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“We can either emphasize those aspects of our traditions, religious or secular, that speak of hatred, exclusion, and suspicion or work with those that stress the interdependence and equality of all human beings. The choice is yours.” Karen Armstrong, the author of Twelve Steps to a Compassion Life, reminds us that blind adherence to tradition can prevent the equality of all human beings and delay the process of achieving true independence. In Chaim Potok’s novel The Chosen and Peter Stone and Sherman Edwards’s play 1776, Reb Saunders and John Dickinson grapple with the idea of defying tradition by granting Danny and The Thirteen Colonies the right to be independent; although both men are initially stubborn in their extremely illiberal positions, they eventually grant permission to their cherished possessions to emerge into a liberated world.
Having to continue his father’s legacy as a Hasidic tzaddik, Danny begins to resent his roots and search for freedom in the secular realm of literature. Confiding in his dear companion Reuven, Danny states, “It’s really funny. I have to be a rabbi and don’t want to be one. You don’t have to be a rabbi and do want to be one. It’s a crazy world” (Potok 87). Clinging to his tradition beliefs and convictions, Reb Saunders exclaims, “Master of the Universe… you gave me a brilliant son and I have thanked you a million times. But you had to make him so brilliant?” (168). After learning from Reuven of Danny’s secular activities, Reb Saunders abhors Danny’s deviation from the traditional Hasidic lifestyle which he himself was “taught by [his] father” (279). Although the customs and rituals of pre-World War Two, Jewish Europe are still much ingrained in Reb Saunders, he is well-aware of the difficulty that would arise from “not causing [his] son, God forbid, to abandon the Master of the Universe and His Commandments” (279). Ensnared in between two paths of either granting independence to his son or forcing him into an arranged marriage, Reb Saunders ultimately chooses to give permission for Danny to explore his intellectual desires and enroll in a graduate program at Columbia University. As Reb Saunders states, “Today is—the Festival of Freedom… today my Daniel is free” (281-282), Danny promptly receives his Passover blessing and achieves sovereignty.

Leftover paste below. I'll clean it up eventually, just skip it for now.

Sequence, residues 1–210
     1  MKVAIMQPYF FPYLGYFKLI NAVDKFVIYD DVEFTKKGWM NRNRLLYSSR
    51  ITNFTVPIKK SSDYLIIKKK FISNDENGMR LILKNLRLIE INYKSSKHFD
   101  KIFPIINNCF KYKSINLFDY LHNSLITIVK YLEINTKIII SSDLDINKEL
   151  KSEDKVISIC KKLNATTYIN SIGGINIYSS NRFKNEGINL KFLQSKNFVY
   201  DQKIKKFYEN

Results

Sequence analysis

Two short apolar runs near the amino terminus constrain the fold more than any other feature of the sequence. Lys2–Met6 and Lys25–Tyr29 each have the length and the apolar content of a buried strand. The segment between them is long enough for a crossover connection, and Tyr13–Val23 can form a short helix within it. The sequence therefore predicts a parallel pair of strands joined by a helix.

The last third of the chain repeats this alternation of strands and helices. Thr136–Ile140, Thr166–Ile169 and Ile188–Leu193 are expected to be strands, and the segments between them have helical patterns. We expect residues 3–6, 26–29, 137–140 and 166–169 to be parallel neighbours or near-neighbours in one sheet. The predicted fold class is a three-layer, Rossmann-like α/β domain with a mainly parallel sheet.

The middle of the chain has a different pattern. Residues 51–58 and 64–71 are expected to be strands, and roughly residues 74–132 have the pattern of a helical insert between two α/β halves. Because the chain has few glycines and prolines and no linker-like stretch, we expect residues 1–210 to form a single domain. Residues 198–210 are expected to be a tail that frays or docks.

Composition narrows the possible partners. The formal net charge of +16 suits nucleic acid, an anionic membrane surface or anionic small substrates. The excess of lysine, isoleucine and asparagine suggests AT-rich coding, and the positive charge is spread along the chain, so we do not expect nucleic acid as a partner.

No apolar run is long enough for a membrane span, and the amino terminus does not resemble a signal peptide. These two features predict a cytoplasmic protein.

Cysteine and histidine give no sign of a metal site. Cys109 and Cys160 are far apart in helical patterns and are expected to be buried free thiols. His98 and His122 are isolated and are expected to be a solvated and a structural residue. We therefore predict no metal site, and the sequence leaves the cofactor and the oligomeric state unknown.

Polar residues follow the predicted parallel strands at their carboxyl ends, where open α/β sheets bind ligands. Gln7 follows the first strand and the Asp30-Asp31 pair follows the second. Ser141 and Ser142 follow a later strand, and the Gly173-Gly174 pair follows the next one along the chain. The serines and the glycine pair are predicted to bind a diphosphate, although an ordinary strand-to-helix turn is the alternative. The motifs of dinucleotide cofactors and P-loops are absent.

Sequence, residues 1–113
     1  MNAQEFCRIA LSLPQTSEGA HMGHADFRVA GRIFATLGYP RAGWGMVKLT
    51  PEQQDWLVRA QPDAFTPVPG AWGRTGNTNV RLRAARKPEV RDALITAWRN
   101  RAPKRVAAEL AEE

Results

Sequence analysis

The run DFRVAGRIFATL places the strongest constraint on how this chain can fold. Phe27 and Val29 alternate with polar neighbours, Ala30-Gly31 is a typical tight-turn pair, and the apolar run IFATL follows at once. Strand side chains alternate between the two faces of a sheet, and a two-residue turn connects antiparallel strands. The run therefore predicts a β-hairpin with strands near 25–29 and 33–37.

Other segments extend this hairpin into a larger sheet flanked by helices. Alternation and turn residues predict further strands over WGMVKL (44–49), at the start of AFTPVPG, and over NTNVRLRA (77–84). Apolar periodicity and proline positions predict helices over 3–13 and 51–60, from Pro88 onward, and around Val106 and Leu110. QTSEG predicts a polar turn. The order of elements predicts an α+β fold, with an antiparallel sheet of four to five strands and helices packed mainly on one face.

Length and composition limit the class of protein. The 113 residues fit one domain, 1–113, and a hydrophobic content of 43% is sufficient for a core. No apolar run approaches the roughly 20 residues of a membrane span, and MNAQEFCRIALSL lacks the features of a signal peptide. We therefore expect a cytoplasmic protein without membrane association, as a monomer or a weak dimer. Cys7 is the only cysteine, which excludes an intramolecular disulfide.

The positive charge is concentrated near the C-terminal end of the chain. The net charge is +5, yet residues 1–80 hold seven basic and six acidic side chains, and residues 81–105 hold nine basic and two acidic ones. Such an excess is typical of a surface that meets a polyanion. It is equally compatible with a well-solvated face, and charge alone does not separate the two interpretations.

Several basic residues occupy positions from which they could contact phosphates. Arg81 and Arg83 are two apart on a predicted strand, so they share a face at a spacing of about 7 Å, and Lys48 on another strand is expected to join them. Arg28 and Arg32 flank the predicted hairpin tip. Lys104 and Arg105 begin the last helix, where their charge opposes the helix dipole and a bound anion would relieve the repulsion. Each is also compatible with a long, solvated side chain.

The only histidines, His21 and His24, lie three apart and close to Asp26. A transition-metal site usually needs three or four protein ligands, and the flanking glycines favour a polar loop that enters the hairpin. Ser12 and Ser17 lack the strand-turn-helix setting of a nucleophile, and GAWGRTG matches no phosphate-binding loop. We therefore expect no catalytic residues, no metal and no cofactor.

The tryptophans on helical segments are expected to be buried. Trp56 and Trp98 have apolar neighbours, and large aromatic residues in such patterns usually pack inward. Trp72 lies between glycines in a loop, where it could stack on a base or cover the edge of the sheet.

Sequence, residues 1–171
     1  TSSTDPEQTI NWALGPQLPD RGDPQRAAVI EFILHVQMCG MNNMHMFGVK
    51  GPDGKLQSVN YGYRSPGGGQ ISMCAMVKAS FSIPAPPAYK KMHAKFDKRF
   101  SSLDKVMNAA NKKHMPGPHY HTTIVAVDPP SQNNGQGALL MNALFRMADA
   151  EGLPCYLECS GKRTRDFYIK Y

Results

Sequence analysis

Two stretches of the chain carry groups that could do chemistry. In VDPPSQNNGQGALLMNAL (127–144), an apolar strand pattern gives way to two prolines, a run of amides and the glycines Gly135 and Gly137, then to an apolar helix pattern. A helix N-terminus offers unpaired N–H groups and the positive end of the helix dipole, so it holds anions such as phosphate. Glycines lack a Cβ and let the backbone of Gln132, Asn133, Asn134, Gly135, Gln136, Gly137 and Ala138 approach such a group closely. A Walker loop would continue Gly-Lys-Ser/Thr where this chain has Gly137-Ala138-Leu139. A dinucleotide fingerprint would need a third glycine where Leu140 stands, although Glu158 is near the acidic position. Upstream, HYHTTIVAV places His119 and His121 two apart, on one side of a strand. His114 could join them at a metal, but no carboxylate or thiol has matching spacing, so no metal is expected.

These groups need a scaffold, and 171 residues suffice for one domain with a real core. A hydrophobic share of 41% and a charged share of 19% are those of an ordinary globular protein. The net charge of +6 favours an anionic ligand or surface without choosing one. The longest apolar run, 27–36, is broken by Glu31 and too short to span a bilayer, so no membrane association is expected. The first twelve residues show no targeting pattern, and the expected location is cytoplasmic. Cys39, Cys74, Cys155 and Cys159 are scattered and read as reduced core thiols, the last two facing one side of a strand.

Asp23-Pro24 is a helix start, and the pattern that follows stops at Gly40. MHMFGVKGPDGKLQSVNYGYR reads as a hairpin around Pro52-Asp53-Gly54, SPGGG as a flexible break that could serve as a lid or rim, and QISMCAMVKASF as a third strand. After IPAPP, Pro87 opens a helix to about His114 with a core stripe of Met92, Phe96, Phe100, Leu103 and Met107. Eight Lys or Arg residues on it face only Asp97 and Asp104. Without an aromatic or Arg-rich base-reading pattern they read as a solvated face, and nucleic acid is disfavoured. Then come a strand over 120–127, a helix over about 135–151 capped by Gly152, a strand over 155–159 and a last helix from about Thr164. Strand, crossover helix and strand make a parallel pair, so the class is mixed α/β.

John Dickinson, a Continental Congress delegate from Pennsylvania, experiences the same tradition-shattering struggle as Reb Saunders. As the most obstinate delegate at the Convention, Dickinson advocates anti-independence, and stubbornly holds on to his political desires to the point where he refuses to release his hope “for [America’s] eventual reconciliation with England” (Stone 140). Dickinson’s uncompromising, resistance stance successfully allows the idea of succession to be blockaded for a great period of time. His constant negations seem especially discouraging when after Richard Henry Lee of Virginia proposes a resolution for independence, he shouts to John Hancock, “Mr. President, Pennsylvania moves, as always, that the question of independence be postponed indefinitely” (33). However, as Lee’s proposal gains an incredible amount of support, the inevitability of the signing of the Declaration of Independence forces John Dickinson to concede his pigheadedness. Although voting “Nay” in a split-delegation vote, he ultimately relinquishes his vision for America as a perpetual British colony and remarks, “I will join the army and fight in [America’s] defense, even though I believe that fight to be hopeless” (140).